Agency and the Self
It was a big room, mostly empty, with windows lining one wall and waxed wood floors. Luis sat with his back to the vast open space. He was facing a young man, probably half his age, who was seated opposite him. The window wall stood beyond the young man. They had just shaken hands, but Luis had already forgotten the boy’s name. He adjusted his posture and focused on maintaining eye contact.
“My father worked nights as a janitor, you see. I used to go with him, at nights, and clean office buildings in the city. I am from this place. I have lived here all my life.”
The young man nodded twice, slowly. “On your resume here, it looks like there’s a gap in your work experience.”
“Oh, yes. Two years. I was a college student.”
“You didn’t finish? No degree?”
Luis positioned his hands atop his knees. “I didn’t finish. My funds ran out.”
The young man’s face contorted. He made some notes. His pen moved quickly across the paper in front of him. He looked up and caught Luis off-guard. “What were you studying?”
The question seemed to have little bearing on the position to which he had applied. “Well, I was a liberal arts student. Eventually I became interested in computer science.” Luis straightened. He recalled the name of the interviewer, Jared. Jared had begun smoothing his hair. He was leaning back in his chair.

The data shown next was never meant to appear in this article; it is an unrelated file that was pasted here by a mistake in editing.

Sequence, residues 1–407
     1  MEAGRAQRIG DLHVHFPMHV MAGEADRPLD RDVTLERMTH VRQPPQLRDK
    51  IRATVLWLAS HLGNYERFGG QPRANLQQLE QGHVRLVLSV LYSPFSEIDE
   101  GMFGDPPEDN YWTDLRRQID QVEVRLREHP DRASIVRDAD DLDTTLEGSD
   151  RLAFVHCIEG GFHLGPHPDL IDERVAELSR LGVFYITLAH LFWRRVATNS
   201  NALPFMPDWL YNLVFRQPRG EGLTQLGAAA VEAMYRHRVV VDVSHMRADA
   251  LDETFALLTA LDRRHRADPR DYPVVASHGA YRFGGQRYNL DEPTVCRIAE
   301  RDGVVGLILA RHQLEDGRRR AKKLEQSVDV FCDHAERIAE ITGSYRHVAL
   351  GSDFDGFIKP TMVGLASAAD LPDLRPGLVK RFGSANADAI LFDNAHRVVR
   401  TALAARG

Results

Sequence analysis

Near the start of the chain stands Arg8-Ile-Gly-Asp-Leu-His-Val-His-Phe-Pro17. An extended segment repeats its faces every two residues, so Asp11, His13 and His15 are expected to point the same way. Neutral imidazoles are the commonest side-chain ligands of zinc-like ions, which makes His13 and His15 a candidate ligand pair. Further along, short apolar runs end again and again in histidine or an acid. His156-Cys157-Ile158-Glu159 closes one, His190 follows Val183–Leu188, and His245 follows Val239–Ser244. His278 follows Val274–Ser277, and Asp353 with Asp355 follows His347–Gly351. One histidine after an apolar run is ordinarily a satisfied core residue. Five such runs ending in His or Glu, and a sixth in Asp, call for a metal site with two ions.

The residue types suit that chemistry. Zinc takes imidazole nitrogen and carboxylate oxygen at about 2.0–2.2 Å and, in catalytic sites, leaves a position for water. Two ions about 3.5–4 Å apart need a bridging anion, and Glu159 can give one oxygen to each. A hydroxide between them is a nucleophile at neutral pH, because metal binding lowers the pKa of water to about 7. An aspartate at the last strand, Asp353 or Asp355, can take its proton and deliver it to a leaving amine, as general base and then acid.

“Well, Luis, I have to say, you’re overqualified. What are you doing here? This is a job for people with criminal records, no work history, little education. Sure, English isn’t your first language, but we’re doing fine. Don’t get me wrong, I worked as a janitor myself for a long time. I understand about your father too.”
Luis withheld from blinking his eyes, and he noticed them starting to sting. “I want to go back to school. I want to finish my degree. Look at my experience. I have cleaned the laboratories of chemists. I clean everything. I can learn fast, and I will work hard. You should not worry about my qualifications-” His stinging eyes widened.
“Not worry about your qualifications? It is my job to note qualifications.” Jared righted his own posture. “Sometimes the best candidate is not the most qualified. And some jobs are better left to the under-qualified.”
Luis looked to his left, his right, the empty room waiting at his back. His feet were already on the floor. “When I would go to the offices with my father, I would watch him all night. I was young, eight years of age, nine perhaps. And I watched him.” Luis stared at Jared. The boy’s head bobbed along with his story.